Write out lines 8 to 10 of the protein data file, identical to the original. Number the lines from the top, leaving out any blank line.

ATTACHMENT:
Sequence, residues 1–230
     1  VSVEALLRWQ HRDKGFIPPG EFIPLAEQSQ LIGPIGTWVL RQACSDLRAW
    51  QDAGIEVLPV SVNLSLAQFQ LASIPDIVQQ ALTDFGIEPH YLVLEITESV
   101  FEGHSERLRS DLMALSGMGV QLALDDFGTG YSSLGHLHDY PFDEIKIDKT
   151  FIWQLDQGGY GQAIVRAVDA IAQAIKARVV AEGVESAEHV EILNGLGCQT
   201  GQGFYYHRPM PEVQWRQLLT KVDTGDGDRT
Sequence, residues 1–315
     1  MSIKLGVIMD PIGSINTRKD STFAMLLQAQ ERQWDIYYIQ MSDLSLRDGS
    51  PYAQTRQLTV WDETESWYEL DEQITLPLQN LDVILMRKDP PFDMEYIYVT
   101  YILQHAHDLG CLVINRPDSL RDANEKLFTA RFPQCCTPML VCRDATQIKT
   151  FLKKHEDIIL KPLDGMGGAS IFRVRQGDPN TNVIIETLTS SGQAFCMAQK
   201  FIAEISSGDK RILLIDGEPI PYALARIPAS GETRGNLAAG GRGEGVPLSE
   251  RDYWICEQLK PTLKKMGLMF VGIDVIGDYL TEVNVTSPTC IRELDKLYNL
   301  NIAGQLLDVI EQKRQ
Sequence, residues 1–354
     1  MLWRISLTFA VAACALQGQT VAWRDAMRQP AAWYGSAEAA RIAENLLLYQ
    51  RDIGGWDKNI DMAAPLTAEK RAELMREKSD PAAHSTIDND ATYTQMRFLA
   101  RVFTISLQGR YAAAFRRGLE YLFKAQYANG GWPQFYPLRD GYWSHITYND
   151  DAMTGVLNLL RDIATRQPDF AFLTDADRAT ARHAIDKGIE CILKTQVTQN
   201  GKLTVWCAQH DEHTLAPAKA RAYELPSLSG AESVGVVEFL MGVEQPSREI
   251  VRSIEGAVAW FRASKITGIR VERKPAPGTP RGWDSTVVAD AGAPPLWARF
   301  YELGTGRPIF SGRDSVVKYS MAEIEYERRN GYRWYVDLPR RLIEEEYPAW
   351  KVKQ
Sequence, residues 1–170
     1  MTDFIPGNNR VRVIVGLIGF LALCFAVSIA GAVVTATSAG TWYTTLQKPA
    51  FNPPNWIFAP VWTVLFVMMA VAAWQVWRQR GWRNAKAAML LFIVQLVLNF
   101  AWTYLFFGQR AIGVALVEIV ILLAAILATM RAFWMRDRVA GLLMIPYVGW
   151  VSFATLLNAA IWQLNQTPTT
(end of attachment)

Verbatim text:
     1  MSIKLGVIMD PIGSINTRKD STFAMLLQAQ ERQWDIYYIQ MSDLSLRDGS
    51  PYAQTRQLTV WDETESWYEL DEQITLPLQN LDVILMRKDP PFDMEYIYVT
   101  YILQHAHDLG CLVINRPDSL RDANEKLFTA RFPQCCTPML VCRDATQIKT